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Reviews 157 forced an uneasy impression of sameness in the tones of many of those presented in that medium. Yet, taken one by one, Thomas Moran’s watercolors were, are, evocative and rewarding. He had the faculty of pulling the viewer “into a miniature world of suggested immensity” (26). There is no doubt that he did justice to the sublimity of the frontier region. “The American West,” Clark points out, “yielded the perfect landscape for the expansionist, patriotic, and romantic nineteenth-century mind embodied in Thomas Moran” (21). WILLIAM GARDNER BELL U.S. Army Center of Military History Bret Harte: A Reference Guide. By Linda D. Barnett. (Boston: G. K. Hall & Co., 1980. 427 pages, hardbound, $38.00.) This comprehensive reference guide is a most welcome addition to G. K. Hall’s rapidly growing list of quality reference volumes. Barnett has made a major revision of her Harte secondary sources listing that appeared in the Summer and Fall, 1972, issue of American Literary Realism. Errors have been corrected, needed additions have been included, and her listing (through 1977) cites some significant recent Harte scholarship, such as the Fall, 1973, Bret Harte Issue of Western American Literature. Starting with 1865, the entries are conveniently arranged chronologically. Besides English and American material, some French and German items are also included. Barnett is a careful, patient worker, and her annotations arc excellent — crisp, accurate, and descriptive rather than judgmental. Her introduction is somewhat too cautious for my taste, but she does accurately survey this massive compilation of evidence on the subject of Bret Harte’s literary reputation, Bret Harte: A Reference Guide is a valuable book because it presents hard evidence in a clear and easily retrievable manner. Hardly any Ameri­ can writer has been more damaged by incorrect impressions, convenient, off-hand half truths, and vested antithetical interests. Barnett documents w'hat really happened; how Harte was and is received critically. While we need not sit by the front door in anticipation of a Bret Harte revival, it is encouraging to note that Barnett’s documentation shows that most critics of the past dozen or so years do not feel compelled to flail Harte for hypocrisy, sentimentality, misplaced values, or diction with a purple glow. No longer considered a leading enemy of and threat to culture, Harte is receiving a small but steady stream of books, dissertations, and articles that analyze his work using a variety of more objective approaches. A picture of Harte as a complex and contradictory figure, rather than an unfortunate historical 158 Western American Literature symptom, is beginning to emerge. Barnett’s solid research here considerably helps to further this much needed reestimation. The book’s unfortunate and eye-catching price may ensure that you would consider ordering this item for your school’s library, but not for your own study. PATRICK D. MORROW, University of Canterbury, Christchurch, New Zealand New Native American Drama: Three Plays. By Hanay Geiogamah. (Nor­ man: University of Oklahoma Press, 1980. 133 pages, $4.95.) Historically, plays about Indians and Indian life such as Robert Rogers’ Ponteach, or the Savages of America (1766) and J. N. Barker’s The Indian Princess; or La Belle Sauvage (1808) did little to illuminate Indian culture. And as a major character within drama, the Indian’s life on the stage was short-lived. By the 1830’s, Indian drama had reached its height of popularity with Edwin Forrest in the title role of John Augustus Stone’s Metamora, or the Last of the Wampanoags. Indian writers have, for the most part, avoided drama and centered their talents on poetry and prose. Consequently, Hanay Geiogamah’s New Native American Drama: Three Plays is timely and welcome. Whereas the earlier plays perpetuated stereotypes and burdened the stage with the accoutrements of Indian life, Geiogamah creates full characters and inte­ grates native song, dance, ceremony, and philosophy within the drama. While the quality of “Body Indian,” Foghorn,” and “49” varies, they repre­ sent one of the first attempts to create an Indian reality for the stage. Of the three plays, “Foghorn” is the weakest. The play consists of eleven scenes or vignettes that depict a variety of attitudes, stereotypes, and misconceptions...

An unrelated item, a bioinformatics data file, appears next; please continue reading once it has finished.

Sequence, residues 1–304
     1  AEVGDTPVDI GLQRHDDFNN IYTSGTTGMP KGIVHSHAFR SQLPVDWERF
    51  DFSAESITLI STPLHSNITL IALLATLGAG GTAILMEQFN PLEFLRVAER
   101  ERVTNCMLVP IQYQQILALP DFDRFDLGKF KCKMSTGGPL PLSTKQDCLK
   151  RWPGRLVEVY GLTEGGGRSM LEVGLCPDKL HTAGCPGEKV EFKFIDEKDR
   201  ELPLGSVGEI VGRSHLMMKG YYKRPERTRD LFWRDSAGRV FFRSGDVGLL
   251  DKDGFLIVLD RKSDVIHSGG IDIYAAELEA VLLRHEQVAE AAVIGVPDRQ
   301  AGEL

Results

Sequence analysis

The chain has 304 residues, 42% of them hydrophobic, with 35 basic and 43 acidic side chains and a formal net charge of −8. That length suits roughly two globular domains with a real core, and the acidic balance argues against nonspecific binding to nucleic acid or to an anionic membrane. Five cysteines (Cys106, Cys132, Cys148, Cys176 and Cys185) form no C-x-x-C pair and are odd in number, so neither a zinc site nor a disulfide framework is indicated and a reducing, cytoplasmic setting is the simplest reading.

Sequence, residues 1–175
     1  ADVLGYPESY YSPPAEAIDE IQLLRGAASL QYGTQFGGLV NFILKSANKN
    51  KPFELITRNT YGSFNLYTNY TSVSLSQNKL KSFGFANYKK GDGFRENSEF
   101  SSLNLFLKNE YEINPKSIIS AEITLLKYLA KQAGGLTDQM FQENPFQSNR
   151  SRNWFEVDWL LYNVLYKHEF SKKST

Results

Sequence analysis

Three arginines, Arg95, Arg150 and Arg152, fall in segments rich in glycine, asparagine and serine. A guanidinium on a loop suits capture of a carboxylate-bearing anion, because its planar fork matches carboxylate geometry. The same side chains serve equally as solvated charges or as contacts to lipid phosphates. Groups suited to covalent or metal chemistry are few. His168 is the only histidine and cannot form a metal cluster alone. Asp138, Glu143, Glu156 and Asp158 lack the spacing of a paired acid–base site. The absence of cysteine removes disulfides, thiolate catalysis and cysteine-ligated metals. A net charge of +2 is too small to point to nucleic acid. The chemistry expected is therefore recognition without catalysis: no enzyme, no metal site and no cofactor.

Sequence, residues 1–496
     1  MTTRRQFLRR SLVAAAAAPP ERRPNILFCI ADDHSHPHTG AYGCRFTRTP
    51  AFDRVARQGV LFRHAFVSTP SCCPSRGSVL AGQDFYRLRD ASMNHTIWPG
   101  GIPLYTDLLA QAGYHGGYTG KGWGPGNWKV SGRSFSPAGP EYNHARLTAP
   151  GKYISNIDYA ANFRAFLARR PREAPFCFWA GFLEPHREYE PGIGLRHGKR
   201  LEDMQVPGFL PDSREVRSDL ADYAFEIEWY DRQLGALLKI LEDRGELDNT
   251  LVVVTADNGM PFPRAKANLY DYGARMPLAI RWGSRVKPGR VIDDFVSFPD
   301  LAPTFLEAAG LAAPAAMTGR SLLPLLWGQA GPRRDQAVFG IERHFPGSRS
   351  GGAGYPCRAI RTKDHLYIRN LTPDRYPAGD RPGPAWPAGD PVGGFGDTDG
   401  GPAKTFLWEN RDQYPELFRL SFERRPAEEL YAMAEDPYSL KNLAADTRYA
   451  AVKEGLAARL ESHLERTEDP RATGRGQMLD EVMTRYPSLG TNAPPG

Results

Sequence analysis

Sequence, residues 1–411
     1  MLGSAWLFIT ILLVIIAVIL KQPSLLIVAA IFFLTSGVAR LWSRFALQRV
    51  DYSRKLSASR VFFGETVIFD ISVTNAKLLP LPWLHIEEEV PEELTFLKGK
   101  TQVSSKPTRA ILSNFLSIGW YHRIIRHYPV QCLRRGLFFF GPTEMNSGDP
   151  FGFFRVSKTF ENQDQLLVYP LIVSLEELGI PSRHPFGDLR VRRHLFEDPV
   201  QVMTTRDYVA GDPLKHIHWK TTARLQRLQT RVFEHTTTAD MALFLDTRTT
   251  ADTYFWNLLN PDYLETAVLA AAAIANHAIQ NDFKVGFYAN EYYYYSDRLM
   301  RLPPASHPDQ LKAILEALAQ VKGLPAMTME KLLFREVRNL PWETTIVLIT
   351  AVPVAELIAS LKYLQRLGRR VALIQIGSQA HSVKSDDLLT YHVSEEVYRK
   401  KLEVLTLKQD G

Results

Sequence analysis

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pp. 157-158
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